All eyes in the chess world are on Kuhlhaus Berlin, the venue for the World Chess Candidates Tournament, the qualifier for the Championship Match. The loft-style building near the Potsdamer Platz in German capital, a former ice factory, has been fitted inside and set-up as a five-story chess stadium. World Chess, the organizer of the Tournament, decided to brand the building itself to market chess and to give spectators and the media a clear positioning of the venue and the event and the sport.

This relates to my 'Berlin Candidates - Venue' post, where I picked up the slogan displayed on the side of the Kühlhaus:-

Entering this building might substantially increase your IQ. Chess does that to humans.

It turns out that this slogan is just one of many considered for the event, including a 'selfie-magnet'. One recurring feature about all of the above is the heavy-handed emphasis on marketing, branding, and selling (e.g. that weird logo again in B2 and B4, 'Online Sponsorship Store is Open'). Other than a table summarizing round-by-round progress, there is no news on Worldchess.com about the progress of the Candidates tournament itself.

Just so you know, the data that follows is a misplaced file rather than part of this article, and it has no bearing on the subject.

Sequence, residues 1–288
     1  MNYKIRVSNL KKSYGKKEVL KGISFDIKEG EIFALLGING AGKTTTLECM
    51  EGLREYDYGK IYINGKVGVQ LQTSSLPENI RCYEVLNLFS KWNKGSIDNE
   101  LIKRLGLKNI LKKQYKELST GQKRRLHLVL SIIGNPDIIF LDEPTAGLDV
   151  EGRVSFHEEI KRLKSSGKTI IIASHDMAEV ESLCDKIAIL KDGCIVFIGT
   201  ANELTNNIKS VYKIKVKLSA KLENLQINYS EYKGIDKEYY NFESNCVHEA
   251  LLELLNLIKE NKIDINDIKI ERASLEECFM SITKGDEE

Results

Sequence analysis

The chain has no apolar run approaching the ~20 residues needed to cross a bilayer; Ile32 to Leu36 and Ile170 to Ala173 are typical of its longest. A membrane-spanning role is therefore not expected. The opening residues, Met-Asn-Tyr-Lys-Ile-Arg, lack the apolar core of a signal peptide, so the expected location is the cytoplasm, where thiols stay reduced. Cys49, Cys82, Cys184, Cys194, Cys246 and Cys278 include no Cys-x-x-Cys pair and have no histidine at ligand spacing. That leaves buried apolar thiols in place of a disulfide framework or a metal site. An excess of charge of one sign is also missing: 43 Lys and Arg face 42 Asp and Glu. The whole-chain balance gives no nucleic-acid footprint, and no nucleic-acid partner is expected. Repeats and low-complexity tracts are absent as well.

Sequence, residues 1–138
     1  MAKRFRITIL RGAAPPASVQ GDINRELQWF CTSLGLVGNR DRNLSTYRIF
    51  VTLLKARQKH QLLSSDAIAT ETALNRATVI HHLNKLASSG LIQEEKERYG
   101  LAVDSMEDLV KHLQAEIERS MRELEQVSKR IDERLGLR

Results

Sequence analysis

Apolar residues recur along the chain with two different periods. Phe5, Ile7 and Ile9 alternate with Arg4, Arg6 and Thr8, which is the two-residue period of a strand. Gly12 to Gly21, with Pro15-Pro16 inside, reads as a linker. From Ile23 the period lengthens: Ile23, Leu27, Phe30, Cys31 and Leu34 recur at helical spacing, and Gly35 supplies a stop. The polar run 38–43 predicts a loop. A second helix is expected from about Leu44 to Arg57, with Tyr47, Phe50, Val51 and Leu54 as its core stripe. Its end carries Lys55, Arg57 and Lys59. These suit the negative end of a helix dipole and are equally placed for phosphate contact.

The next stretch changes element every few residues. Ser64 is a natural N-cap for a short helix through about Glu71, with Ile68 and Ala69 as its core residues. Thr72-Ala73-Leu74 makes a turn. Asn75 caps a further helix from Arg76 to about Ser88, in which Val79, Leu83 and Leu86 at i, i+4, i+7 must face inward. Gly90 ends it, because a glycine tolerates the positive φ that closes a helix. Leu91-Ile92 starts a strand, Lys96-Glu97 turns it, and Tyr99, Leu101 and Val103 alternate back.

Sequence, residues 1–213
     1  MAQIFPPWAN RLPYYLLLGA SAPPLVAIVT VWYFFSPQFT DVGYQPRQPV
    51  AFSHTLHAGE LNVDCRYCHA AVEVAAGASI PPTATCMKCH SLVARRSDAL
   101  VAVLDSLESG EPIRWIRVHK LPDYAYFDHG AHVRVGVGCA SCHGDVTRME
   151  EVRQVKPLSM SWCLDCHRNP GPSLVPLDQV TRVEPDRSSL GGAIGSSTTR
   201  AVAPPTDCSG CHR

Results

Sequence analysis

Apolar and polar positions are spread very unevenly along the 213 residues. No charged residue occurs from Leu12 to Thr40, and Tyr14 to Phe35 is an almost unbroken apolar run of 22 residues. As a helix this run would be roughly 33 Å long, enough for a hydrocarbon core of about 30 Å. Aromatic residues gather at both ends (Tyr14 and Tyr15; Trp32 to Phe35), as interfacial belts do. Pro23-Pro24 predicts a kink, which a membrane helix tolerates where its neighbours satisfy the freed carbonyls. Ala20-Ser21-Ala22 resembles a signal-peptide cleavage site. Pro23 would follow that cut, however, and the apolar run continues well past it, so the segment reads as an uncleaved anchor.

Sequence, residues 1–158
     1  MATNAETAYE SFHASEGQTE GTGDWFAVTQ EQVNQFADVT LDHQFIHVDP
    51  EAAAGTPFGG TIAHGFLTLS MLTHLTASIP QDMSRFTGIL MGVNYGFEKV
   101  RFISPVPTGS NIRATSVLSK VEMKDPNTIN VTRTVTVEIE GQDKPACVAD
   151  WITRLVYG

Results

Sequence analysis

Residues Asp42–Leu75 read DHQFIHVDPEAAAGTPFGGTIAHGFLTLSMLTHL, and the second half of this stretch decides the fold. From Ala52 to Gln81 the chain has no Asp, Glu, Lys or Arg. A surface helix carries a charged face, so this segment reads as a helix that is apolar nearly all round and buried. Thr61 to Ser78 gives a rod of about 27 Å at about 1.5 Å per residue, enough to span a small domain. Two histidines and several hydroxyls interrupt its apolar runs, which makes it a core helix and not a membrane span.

News and photos about the event can be found on the FIDE site in stories like 2018 FIDE World Chess Candidates Tournament Started Today (fide.com; 10 March 2018). That page links back to the site we've been looking at, worldchess.com/berlin, where we are told,

After the 2016 Championship Match in New York chess has been steadily moving from being an elitist game towards a becoming a [sic] global spectator sport. With an increased worldwide coverage, stunning locations, digital broadcasting, superstar players and high profile guests, chess is now enjoying one of the most exciting times in its history. The intriguing tournament in Berlin is expected to be yet another breakout for big chess.

That's brilliant marketing: insult the current fans of the game by calling them 'elitist', then promise 'high profile guests'. Agon/Worldchess, I'm guessing that your days are numbered. In related news, World Chess announces London as its new global HQ (February 2018):-

World Chess, the commercial rights holder and promoter of the World Chess Championship, will follow its incorporation as a UK-registered company last December by establishing a new worldwide headquarters in London this year.